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September 25, 2014 | Six years! Getting into Jazz Mandolin
It's our 6th year anniversary since the book "Getting into Jazz Mandolin" was released (September 2008). We have some great free resources here on the site, but if you really want something in your hands that is both systematic and comprehensive, consider a purchase of "GiJM." It holds up as a strong Mel Bay best-seller, something you should consider for purchase, either for your own personal use or you can spread the love and give it as a generous and thoughtful gift to your mandolin playing friends.
This will bring joy and fretboard mastery to anyone willing to invest a little time in the FFcP based exercises as they are laid out in the context of unraveling jazz. However, this is not just for the jazzer, anyone seeking to leave the world of cowboy chords, let alone the key of G, will find this approach useful.
If you wanted an extra electronic copy to carry around with you, it's available direct from Mel Bay in an eBook format.
Lots of great information for you here around the site, but there's nothing like the compact, portable access to the book's methodic approach.
Purchase information: Getting into Jazz Mandolin
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Getting into Jazz Mandolin
What this book offers:
A clear, consistent course progression. The player starts with something already known (the Major Scale) and develops patterns (FFcP) that can be intuitively expanded. Jazz variations are introduced incrementally, and by the end of the book, the player should be relatively comfortable improvising.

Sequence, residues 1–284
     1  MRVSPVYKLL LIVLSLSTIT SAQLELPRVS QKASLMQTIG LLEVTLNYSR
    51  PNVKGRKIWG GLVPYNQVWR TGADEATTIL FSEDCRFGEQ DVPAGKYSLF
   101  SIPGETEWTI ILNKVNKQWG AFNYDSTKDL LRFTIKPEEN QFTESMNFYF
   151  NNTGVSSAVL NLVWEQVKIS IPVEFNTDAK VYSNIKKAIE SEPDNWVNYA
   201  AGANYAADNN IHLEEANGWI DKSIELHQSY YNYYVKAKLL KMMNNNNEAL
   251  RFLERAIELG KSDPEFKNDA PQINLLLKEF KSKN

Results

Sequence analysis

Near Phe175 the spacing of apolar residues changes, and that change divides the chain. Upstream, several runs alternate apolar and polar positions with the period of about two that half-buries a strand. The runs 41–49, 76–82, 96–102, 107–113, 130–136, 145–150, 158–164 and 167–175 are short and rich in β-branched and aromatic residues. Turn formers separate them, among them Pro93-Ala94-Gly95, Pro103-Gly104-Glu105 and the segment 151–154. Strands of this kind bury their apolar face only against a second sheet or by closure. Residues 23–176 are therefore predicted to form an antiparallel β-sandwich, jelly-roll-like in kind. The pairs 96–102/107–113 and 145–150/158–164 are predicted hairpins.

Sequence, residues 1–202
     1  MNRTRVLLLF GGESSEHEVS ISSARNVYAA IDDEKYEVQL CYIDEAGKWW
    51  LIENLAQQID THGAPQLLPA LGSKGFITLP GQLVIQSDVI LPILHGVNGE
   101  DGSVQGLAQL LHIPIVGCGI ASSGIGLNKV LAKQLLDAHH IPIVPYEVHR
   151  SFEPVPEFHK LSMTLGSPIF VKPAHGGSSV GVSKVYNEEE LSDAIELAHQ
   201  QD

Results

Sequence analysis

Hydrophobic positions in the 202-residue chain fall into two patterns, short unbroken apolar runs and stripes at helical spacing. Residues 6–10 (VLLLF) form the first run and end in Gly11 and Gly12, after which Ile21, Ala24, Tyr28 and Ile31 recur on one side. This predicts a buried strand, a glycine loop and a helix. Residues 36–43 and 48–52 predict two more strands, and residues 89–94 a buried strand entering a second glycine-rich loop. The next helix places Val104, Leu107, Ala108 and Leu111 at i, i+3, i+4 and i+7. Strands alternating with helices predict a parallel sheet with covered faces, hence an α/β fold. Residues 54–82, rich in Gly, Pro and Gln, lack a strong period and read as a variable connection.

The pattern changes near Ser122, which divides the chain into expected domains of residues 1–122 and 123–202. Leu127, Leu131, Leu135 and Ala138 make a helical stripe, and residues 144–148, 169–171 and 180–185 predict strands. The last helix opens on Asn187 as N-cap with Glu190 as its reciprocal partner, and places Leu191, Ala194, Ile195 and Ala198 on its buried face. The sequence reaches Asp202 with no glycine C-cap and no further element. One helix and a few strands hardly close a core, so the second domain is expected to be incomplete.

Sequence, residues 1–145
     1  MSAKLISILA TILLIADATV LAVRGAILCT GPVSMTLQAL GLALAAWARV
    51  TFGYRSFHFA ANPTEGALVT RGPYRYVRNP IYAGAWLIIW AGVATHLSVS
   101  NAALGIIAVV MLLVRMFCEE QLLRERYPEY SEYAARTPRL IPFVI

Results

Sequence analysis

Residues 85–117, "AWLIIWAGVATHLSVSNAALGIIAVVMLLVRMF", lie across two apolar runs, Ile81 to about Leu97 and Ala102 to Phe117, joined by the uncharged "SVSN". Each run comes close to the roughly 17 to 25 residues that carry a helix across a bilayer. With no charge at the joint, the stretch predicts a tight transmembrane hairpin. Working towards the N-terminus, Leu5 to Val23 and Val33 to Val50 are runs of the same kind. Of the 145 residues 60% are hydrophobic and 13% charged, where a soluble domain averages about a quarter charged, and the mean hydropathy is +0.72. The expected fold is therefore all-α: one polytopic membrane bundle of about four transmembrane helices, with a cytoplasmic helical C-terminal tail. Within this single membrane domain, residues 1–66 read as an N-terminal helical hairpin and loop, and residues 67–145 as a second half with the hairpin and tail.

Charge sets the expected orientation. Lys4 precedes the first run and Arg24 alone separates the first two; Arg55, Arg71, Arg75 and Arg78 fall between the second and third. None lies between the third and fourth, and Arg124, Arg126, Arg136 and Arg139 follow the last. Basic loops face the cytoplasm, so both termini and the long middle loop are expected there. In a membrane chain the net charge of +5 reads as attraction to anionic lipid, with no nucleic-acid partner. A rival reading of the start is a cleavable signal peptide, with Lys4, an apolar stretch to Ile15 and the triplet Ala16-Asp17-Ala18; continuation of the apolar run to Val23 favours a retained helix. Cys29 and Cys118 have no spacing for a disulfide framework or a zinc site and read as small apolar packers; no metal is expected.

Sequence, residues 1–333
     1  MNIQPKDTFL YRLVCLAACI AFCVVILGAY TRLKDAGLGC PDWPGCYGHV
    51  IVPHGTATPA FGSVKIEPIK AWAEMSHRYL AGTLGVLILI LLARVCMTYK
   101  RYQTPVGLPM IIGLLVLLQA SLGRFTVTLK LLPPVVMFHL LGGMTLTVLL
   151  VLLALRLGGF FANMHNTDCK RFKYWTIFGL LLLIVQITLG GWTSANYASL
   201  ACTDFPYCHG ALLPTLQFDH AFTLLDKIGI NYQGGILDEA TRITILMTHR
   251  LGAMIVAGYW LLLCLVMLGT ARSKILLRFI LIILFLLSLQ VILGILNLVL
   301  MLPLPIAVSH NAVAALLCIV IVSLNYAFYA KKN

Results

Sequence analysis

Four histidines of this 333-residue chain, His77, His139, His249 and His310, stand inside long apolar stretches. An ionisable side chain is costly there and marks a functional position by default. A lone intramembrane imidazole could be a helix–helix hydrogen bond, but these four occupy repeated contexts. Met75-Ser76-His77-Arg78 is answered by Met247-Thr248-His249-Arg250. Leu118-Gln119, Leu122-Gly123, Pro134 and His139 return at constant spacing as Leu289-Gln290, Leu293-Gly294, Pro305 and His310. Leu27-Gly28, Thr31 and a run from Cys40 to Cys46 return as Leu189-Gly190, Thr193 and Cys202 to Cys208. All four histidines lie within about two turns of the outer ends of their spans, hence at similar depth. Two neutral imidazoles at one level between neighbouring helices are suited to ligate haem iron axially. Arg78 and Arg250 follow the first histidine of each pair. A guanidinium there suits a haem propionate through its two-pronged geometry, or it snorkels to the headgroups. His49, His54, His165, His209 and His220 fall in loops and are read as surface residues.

Clear language. Advanced music theory is explained with unpretentious prose, uncomplicated terminology and good humor. A mandolinist could simply play through all the exercises, and at very least, get more proficient with the fretboard, at best build some higher level jazz vocabulary.
Supportive Audio. The 70-minute CD included gives audio examples, as well as limitless opportunity to practice and jam with the exercises. An additional web-based audio page on the JazzMando.com website, Webtracks" offers expanded opportunity to hear and interact with even more sound tracks and professional artists' interpretations of the music and concepts.
Tab and notation. Exercises are written in both standard notation and mandolin tablature to communicate proper fretboard positions. Fingering markings are included to suggest effective finger placement.
Posted by Ted at September 25, 2014 8:18 AM
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